Man named in ricin letter case in hiding
26 April 2013, 16:51
Saltillo - A man whose home was searched in the investigation of poisoned letters sent to the president and others has apparently gone into hiding, but his attorney said he is cooperating and the FBI knows how to get in touch with him.
Everett Dutschke, aged 45, had his home and former business searched in connection with the letters, which allegedly contained ricin. They were sent last week to President Barack Obama, Sen. Roger Wicker of Mississippi and earlier to an 80-year-old Mississippi judge named Sadie Holland.
Charges were initially filed against a celebrity impersonator but then dropped. Attention then turned to Dutschke, who has ties to the former suspect and the judge and senator.
On Thursday, investigators looked through a different home about 32km away and a plane circled above for much of the day.
A friend of Dutschke's told The Associated Press that both he and Dutschke stayed at the home for a while on Wednesday before slipping out through the woods to rendezvous with someone who drove Dutschke elsewhere. He said Dutschke was just trying to escape the news media.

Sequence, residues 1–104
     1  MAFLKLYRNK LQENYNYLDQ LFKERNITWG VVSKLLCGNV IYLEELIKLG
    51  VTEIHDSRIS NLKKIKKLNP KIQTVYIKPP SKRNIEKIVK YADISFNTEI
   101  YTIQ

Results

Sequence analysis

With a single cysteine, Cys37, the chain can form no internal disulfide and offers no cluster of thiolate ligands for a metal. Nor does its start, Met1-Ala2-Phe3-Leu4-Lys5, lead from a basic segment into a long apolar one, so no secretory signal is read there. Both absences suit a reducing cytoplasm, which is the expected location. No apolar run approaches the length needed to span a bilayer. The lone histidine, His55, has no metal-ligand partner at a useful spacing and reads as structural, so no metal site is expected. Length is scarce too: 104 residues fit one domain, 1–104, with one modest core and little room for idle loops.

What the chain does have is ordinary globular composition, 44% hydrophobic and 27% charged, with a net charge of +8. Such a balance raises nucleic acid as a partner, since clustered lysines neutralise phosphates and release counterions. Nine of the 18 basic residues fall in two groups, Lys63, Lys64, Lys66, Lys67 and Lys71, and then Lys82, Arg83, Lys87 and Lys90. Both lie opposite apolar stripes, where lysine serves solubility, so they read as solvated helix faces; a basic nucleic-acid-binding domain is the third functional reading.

Dutschke has not been arrested or charged in the letters case. The FBI has said nothing about the building searches or Thursday's developments.
Dutschke's lawyer, Lori Nail Basham, said there is no arrest warrant for her client, who continues to co-operate with investigators.
Earlier on Thursday, Sheriff Chris Dickinson said agents told him Dutschke had been under surveillance, but authorities weren't sure where he had gone.
It was yet another strange turn in the case that began when charges were filed against 45-year-old entertainer Paul Kevin Curtis, whose lawyers now say he was set up for the crime.
Charges against Curtis were dropped on Tuesday after authorities said they developed new information.
His attorney, Christi McCoy, has said she does not know what new information led the FBI to abandon the charges but that the agency acted in good faith and worked from the information it had at the time.
Dutschke and Curtis were acquainted. Curtis said they had talked about possibly publishing a book on an alleged conspiracy to sell body parts on a black market. But he claimed they later had a feud.